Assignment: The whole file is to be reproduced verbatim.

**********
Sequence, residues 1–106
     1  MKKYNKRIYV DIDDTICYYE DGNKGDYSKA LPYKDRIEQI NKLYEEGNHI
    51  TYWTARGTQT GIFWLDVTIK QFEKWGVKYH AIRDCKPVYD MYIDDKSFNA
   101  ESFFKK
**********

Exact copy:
Sequence, residues 1–106
     1  MKKYNKRIYV DIDDTICYYE DGNKGDYSKA LPYKDRIEQI NKLYEEGNHI
    51  TYWTARGTQT GIFWLDVTIK QFEKWGVKYH AIRDCKPVYD MYIDDKSFNA
   101  ESFFKK